Honda tells us that the new Insight slots in between the Civic and Accord, but when you check the specs, you'll see that it's pretty much a Civic Hybrid with an upgraded interior and completely different body panels (save for the roof and rear quarter panels). It rides on exactly the same 106.3" wheelbase as the Civic, is slightly wider and just a smidge longer. It serves as the entry point to Honda's current "electrified" lineup of vehicles, however, with a starting price point of $22,830 (plus $895 destination). For this money you get somewhat of a scaled down version of the impressive 10th generation Accord Hybrid. The Insight is about 9" shorter than the Accord and carries a wheelbase that's about 5" shorter. The Insight's powertrain is identical in concept to the Accord Hybrid's, though instead of a 2.0L 4-cylinder Atkinson engine (143hp, 129 lb-ft), the Insight gets a smaller 1.5L 4-cylinder Atkinson engine (rated at 107hp and 99 lb-ft) . And while the Accord gets a beefy 181hp/232 lb-ft electric traction motor, the Insight goes with a 129hp/197 lb-ft motor. Perhaps most importantly, the combined output of the Insight's combustion engine and electric motors rings in at 151.5hp (that POINT 5 apparently is material, here), where the Accord's powertrain is capable of delivering a combined 212hp.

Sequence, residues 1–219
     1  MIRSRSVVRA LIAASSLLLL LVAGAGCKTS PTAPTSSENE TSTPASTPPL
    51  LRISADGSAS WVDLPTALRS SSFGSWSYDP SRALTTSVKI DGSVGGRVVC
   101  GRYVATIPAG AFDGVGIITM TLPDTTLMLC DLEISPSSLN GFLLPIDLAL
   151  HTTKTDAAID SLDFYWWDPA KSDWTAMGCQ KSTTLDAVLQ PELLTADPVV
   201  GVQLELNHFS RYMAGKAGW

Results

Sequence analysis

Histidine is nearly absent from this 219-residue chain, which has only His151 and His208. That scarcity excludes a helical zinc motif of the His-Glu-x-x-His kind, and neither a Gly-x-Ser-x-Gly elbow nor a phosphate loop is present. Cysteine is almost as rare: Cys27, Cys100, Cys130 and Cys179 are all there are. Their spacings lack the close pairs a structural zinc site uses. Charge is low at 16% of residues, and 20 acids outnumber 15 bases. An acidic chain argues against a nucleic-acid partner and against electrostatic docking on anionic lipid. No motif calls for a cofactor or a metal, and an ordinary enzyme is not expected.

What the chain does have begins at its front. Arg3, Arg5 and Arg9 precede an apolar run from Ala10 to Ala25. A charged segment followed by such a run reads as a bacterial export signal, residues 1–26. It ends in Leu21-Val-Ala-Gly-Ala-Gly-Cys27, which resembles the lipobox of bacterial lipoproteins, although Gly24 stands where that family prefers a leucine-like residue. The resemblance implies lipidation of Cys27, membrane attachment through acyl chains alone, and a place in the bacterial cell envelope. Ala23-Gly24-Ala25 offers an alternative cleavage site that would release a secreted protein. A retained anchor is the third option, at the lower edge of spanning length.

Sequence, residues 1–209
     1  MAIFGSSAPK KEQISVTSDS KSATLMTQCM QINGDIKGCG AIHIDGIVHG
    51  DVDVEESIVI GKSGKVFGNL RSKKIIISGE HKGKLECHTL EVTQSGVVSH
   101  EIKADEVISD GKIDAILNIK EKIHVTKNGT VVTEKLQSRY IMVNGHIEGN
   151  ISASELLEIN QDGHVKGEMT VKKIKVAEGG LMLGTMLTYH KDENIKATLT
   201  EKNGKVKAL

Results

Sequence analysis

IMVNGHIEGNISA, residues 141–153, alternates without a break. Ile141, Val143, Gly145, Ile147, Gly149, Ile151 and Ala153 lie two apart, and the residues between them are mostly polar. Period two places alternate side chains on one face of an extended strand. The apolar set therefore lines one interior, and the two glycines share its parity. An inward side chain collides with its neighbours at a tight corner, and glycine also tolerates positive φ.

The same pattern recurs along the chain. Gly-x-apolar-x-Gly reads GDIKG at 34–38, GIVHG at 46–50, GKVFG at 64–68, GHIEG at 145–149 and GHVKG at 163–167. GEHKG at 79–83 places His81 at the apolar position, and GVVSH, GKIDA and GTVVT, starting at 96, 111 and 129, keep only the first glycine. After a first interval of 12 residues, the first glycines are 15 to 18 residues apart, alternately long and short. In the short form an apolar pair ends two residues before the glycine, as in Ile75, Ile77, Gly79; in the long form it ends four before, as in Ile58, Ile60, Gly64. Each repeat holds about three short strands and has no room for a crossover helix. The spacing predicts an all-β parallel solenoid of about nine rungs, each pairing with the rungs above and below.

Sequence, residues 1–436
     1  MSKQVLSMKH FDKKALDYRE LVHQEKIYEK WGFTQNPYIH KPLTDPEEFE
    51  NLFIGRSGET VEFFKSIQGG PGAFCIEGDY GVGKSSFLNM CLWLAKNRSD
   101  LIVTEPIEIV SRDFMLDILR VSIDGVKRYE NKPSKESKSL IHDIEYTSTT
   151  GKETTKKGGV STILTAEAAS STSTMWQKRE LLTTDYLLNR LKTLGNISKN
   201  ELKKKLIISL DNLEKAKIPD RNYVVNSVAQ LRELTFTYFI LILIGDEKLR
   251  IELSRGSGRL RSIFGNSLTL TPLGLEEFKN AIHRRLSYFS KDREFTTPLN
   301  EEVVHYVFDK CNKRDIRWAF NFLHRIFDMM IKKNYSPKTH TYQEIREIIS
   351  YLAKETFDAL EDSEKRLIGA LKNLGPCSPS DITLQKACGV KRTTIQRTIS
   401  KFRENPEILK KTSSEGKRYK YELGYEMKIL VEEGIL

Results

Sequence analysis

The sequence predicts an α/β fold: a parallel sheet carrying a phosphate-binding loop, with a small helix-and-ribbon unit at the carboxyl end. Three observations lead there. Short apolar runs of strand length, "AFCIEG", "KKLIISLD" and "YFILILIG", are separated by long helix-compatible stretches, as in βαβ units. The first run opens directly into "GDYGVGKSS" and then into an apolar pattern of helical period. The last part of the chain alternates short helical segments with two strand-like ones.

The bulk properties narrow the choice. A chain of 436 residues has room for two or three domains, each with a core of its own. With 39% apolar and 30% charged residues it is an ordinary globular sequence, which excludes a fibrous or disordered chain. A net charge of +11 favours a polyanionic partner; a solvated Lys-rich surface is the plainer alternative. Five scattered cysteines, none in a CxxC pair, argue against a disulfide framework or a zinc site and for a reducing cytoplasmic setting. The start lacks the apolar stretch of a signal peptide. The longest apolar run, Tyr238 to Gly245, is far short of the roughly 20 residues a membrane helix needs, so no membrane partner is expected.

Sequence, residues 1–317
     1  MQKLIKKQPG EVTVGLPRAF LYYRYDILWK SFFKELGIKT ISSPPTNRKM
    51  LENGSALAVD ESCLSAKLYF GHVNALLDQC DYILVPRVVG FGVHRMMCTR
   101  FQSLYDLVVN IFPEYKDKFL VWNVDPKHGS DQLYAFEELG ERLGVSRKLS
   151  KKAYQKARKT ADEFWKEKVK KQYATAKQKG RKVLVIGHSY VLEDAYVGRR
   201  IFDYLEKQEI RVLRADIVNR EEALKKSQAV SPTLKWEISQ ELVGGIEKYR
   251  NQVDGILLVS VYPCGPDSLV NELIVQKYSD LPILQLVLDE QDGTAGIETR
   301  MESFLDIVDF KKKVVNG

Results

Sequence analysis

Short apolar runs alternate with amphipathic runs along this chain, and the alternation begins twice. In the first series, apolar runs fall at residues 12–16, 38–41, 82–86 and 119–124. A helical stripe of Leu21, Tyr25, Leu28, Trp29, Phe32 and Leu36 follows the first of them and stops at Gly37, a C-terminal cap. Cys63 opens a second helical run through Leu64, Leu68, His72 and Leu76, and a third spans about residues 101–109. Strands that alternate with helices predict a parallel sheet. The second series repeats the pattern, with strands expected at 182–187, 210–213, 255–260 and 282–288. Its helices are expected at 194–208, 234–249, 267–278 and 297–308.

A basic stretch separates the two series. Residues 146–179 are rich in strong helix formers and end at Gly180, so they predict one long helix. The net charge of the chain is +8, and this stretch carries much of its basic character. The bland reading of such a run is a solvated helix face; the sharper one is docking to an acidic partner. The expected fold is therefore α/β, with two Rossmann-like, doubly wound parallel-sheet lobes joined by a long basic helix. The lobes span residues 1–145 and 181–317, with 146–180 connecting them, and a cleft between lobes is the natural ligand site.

Premium? How Premium?
The Insight's list of standard equipment is quite impressive, especially considering its starting price of under $23000 and 52mpg combined fuel economy rating. Honda Sensing is standard across the board, as are LED headlights (with auto high beams), LED daytime running lights, and LED taillights. You also get automatic climate control (single zone), 16" alloy wheels, heated mirrors, a 160W 6-speaker stereo, paddle shifters (allowing you to select your desired level of regenerative braking), Honda Sensing, traffic sign recognition and many other features.
Bumping up to the EX level ($24,060 + $895 destination) adds Display Audio (with Apple Carplay/Android Auto support), another 2 speakers and 20W, an extra USB port (for a total of 2), Sirius XM and HD Radio, Lanewatch, Remote Start, Smart Entry, a 60/40 split rear fold bench, and more.